This Mother’s Day is extra special because it’s also my 40th birthday. I’m assuming today’s going to be perfect — but if not, I’ll hold a grudge against my family for the rest of their lives. I want presents, nice behavior and a decent meal, and I don’t think that’s too much to ask.
I spent 40 years climbing up this hill, and I want to begin my descent down the other side drinking mimosas and eating chocolate. Actually — scratch that — orange juice and chocolate taste weird together. Is it too late to order omelets?
The first time I heard the expression “over the hill,” I was 8 years old and playing four square with my best friend at recess. “Last night I helped blow up black balloons for my dad’s 40th birthday party,” Amber said.
I passed Amber the cherry ball. “Wow. You’re dad’s ancient.”
“Yup,” my BFF answered. “He’s over the hill.”
Now my daughter’s the one in third grade. I didn’t ask her to blow up balloons (she has asthma), but I know she’s been busy with a DIY present that will impress me.
My seventh grader isn’t nearly as handy with glue sticks and glitter, so I gave him specific instructions. If all goes as planned, he’s arranged to have “Happy 40th Birthday Jennifer Bardsley” placed on the Edmonds Theater marquee on Main Street. This is primarily to make up for him giving me a bag of M&M’s for Christmas.
— Jennifer Bardsley (@JennBardsley) May 14, 2018
As for my husband, he gets the joyous task of driving all four of us to Deception Pass in our/my tent trailer, so that we can enjoy Sunday brunch in nature, and make it extra difficult for our children to do the dishes.
Some people buy a sports car or dye their hair when they turn 40, I just make my family’s life more complicated.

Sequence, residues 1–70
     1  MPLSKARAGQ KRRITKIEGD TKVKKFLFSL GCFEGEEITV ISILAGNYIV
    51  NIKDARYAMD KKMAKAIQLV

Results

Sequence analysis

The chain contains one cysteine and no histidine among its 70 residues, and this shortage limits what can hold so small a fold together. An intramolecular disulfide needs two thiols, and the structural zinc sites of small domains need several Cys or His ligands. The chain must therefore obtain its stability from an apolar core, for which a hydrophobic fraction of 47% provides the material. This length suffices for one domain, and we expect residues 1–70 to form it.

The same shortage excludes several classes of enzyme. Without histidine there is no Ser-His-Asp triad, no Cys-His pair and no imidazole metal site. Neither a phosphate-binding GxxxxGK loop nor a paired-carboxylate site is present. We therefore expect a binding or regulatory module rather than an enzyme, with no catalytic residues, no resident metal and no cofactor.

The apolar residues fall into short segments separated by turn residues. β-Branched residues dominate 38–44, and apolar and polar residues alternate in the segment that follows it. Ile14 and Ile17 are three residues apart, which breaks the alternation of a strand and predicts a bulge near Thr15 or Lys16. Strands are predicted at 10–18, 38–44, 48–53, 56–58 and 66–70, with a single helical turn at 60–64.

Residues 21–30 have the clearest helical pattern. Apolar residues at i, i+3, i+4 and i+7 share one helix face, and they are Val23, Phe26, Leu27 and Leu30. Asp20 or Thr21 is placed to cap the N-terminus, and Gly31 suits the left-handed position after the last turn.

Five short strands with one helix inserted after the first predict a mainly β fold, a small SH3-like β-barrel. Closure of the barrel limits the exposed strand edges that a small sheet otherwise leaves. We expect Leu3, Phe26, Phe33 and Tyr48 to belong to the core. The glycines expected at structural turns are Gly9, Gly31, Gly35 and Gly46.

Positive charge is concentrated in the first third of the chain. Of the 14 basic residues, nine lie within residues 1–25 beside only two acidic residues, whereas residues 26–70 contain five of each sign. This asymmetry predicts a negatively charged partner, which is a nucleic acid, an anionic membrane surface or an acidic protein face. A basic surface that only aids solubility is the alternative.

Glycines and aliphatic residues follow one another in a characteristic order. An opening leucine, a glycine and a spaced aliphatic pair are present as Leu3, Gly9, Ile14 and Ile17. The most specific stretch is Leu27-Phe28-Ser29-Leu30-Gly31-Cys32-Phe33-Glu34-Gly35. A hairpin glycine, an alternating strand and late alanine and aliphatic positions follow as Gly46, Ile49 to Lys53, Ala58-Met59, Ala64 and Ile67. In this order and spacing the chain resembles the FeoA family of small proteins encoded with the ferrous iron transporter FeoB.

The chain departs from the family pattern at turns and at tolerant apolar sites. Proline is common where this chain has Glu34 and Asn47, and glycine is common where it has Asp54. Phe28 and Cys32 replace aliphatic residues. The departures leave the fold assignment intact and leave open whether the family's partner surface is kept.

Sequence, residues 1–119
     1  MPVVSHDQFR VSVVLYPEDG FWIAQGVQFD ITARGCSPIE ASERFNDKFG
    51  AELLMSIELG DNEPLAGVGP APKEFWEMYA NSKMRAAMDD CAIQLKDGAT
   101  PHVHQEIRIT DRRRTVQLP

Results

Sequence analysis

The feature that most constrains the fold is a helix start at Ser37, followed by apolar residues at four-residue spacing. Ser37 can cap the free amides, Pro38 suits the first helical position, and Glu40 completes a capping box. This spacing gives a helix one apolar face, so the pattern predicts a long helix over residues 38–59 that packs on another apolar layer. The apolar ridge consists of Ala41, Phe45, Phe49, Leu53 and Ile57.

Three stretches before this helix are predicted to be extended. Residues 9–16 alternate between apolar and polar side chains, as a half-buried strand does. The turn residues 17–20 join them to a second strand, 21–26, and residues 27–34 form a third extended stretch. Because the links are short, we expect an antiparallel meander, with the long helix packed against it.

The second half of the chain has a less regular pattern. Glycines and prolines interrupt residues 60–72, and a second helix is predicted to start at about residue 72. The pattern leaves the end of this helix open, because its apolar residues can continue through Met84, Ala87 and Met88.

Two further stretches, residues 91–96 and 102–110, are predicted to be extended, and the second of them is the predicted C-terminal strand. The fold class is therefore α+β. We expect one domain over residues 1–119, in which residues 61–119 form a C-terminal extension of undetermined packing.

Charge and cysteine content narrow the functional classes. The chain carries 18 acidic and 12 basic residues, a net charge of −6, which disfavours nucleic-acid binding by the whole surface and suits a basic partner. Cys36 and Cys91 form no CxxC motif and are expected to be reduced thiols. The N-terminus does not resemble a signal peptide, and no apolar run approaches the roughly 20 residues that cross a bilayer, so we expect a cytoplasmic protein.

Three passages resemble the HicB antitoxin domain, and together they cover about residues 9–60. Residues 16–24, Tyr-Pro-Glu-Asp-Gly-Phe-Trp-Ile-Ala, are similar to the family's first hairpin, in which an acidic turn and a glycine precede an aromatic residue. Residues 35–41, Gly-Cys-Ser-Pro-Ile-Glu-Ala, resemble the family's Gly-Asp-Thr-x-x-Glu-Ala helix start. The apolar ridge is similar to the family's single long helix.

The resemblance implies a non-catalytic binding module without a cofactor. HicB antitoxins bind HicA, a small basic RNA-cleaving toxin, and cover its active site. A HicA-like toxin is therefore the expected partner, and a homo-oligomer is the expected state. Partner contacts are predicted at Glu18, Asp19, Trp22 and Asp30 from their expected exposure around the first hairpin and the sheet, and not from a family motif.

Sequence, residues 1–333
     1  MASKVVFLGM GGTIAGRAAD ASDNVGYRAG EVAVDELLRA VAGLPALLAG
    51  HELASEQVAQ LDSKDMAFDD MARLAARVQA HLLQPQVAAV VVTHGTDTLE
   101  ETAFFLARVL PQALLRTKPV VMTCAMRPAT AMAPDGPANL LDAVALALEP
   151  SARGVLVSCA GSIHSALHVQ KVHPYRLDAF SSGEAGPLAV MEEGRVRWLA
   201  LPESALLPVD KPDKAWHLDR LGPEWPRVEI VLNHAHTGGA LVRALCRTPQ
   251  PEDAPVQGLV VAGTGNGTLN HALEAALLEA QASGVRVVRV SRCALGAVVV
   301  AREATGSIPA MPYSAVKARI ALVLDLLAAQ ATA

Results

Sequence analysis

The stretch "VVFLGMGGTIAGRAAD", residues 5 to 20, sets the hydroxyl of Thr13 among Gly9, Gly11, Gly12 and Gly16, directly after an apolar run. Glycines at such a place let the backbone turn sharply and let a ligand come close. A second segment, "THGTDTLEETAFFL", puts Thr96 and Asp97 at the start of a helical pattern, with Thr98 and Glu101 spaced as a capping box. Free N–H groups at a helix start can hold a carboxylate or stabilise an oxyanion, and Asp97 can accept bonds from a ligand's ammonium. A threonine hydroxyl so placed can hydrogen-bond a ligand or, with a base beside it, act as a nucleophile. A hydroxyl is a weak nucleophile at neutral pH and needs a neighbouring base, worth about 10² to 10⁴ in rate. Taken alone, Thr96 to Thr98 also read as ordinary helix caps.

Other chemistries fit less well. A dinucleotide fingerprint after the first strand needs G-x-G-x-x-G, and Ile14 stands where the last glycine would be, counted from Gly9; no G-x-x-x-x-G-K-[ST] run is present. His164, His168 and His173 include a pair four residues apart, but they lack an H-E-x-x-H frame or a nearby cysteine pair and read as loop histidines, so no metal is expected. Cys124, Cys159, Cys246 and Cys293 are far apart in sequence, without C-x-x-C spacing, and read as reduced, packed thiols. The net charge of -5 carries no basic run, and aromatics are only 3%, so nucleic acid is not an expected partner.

But birthdays are complicated. They’re messy and glittery and could pop like balloons at any moment. Mother’s Day is like this, too. Either it’s a special event worthy of the marquee, or it’s a chocolate-mixed-with-orange-juice grudge to harbor for years.
Age should bring wisdom, and wisdom should mean that I have the good sense to view today as any other day — Mother’s Day or not. A 40th birthday shouldn’t be more significant than a 39th birthday or a 41st. But that’s not how it works.
Special birthdays don’t happen often. Turning 1, or 16, or 21, or 40; the milestones stretch out like a greeting card aisle at the Hallmark store. The birthdays implore us to pause by each section and take stock.
Forty means being thankful for every day I wore sunscreen. It means realizing that the dress I buy now might still be in my closet when I’m 50. Forty turns the front of my hair gray and shrinks my computer screen. Forty means not worrying so much about what other people think.
There won’t ever be a Mother’s Day exactly like this one. Pass me a mimosa, please, and be generous with the champagne. Middle age has struck.
Jennifer Bardsley is author of the books “Genesis Girl” and “Damaged Goods.” Find her online on Instagram @the_ya_gal, on Twitter @jennbardsley or on Facebook as The YA Gal.